• European Council: New Skills Agenda, Youth Guarantee and European Solidarity Corps

    European Heads of State met in Brussels on 15 December for a final formal meeting in 2016. The main topics on the table were migration, security and external relations. However, with the recent launch of the European Solidarity Corps (7 December), education was briefly dealt with through the prism of economy, social development and youth. “The European Council calls for the continuation of the Youth Guarantee and welcomes the increased support for the Youth Employment Initiative. It also […]

  • Investment in education and a lifelong learning approach: The only way to reach ET2020 targets

    On 8 November, the LLLPlatform published a press release in reaction to the newly launched Education and Training Monitor 2016.
    Press release: Education and Training Monitor 2016 – Investment in education and a lifelong learning approach: The only way to reach ET2020 targets
    The Lifelong Learning Platform welcomes the 2016 Education and Training Monitor published by  the EU Commission on 7 November. This 2016 report highlights the persistent challenges Europe has been facing for years, such as […]

  • President Juncker’s State of the Union: Skills for Youth

    President Juncker’s speech on the “State of the Union” for 2016opened on the gloomy recent past and no less bright horizon we stand before as the European Union once again, struggles through an existential crisis: “From high unemployment and social inequality, to mountains of public debt, to the huge challenge of integrating refugees, to the very real threats to our security at home and abroad – every one of Europe’s Member States has been affected.” The LLLPlatform believes that […]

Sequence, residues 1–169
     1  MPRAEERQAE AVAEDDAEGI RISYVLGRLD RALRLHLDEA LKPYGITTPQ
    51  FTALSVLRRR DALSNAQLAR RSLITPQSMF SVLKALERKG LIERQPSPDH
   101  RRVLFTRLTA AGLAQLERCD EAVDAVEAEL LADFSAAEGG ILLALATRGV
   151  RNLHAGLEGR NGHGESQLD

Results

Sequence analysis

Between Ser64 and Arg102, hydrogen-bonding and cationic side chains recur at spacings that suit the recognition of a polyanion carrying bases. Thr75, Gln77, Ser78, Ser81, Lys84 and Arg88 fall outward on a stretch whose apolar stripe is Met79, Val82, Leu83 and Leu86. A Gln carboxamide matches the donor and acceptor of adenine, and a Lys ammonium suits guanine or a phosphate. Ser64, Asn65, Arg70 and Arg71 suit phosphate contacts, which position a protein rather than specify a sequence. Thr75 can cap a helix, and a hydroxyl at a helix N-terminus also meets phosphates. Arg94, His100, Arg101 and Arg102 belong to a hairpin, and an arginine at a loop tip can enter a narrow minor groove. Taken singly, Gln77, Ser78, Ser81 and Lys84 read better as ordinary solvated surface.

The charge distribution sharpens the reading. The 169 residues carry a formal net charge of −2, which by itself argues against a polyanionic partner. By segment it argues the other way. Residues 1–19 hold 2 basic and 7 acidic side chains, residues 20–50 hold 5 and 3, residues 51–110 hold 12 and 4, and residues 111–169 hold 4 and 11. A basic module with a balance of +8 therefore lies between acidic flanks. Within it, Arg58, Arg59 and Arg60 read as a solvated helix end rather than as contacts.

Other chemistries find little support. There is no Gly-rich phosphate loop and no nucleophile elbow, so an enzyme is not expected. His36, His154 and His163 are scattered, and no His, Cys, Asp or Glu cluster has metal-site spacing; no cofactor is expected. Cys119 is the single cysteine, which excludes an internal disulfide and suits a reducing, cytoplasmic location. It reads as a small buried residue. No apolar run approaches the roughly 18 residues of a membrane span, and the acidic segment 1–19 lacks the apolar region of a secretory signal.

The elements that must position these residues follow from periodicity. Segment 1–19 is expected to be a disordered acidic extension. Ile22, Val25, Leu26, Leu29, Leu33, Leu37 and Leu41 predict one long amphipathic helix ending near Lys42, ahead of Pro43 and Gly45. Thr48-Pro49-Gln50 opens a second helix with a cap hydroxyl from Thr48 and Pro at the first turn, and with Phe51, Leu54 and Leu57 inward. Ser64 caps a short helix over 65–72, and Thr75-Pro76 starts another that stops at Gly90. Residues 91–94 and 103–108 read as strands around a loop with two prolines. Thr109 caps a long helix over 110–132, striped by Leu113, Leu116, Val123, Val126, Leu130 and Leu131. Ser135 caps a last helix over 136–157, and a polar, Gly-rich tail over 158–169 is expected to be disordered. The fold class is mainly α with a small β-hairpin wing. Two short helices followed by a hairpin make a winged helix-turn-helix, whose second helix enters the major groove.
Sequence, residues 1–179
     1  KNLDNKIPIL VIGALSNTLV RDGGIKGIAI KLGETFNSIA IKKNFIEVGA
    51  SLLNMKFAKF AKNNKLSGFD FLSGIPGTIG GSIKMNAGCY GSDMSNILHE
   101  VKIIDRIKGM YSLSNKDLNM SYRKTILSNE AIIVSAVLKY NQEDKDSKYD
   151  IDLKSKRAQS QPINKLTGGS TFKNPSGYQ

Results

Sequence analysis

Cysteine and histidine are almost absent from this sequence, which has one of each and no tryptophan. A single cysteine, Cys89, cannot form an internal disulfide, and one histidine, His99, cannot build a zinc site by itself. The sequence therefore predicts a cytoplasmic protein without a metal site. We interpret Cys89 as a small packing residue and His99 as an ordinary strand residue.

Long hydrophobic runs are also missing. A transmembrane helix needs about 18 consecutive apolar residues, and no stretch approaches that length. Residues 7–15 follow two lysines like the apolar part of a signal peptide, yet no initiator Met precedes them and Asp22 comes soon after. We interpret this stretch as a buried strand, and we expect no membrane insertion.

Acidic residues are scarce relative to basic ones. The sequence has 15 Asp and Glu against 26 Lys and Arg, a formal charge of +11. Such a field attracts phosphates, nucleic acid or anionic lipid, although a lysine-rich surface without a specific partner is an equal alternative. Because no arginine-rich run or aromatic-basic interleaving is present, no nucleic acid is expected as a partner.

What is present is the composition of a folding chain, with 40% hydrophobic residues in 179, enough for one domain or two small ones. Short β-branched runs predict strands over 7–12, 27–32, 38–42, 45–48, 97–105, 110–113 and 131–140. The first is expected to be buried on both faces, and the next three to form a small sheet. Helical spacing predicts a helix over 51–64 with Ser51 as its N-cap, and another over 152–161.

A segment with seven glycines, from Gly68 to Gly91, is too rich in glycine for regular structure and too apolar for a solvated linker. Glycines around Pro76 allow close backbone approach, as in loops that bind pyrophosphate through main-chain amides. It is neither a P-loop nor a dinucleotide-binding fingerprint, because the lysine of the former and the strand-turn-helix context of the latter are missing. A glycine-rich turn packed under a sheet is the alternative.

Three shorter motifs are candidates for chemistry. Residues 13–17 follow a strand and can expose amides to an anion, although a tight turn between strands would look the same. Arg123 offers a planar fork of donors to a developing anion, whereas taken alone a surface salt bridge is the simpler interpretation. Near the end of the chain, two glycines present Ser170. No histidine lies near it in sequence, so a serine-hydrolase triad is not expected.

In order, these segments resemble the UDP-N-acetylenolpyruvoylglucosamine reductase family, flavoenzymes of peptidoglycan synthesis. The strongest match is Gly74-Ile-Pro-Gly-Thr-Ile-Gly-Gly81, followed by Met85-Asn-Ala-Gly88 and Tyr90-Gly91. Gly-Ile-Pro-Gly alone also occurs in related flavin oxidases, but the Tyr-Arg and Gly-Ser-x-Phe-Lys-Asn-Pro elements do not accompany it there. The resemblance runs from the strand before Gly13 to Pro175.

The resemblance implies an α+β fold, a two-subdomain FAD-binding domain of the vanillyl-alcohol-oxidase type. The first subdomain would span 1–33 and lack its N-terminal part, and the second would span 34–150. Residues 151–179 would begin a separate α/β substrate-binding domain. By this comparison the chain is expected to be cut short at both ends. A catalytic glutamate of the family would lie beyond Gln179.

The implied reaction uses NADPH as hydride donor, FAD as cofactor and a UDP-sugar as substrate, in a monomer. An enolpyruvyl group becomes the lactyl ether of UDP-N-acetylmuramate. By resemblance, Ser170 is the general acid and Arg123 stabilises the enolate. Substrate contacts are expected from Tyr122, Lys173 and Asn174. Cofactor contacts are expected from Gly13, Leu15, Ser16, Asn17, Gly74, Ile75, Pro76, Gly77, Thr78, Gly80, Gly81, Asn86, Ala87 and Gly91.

• Skills Matter

    In the wake of the technological revolution that began in the last decades of the 20th century, labour market demand for information-processing and other high-level cognitive and interpersonal skills is growing substantially. Read the study.

  • Europe 2020 Strategy: Positive Developments since 2008

    The Europe 2020 strategy, adopted by the European Council in June 2010, aims at establishing a smart, sustainable and inclusive economy with high levels of employment, productivity and social cohesion. The key objectives of the strategy are expressed in the form of targets in five areas: employment, research & development (R&D), climate change & energy, education and poverty reduction, to be reached by 2020. These have been translated into national targets in order to reflect the situation and possibilities of […]

  • Does good evidence make good education policy?

    In recent decades there has been a strong move towards evidence-based policy making in the public sector. Few education policy-makers today would dare to introduce a reform that is not backed up by data and research evidence. But what is the nature of evidence being used, and can we rely on it to make better policy?
    Read the Eurydice focus on educational evidence and policy.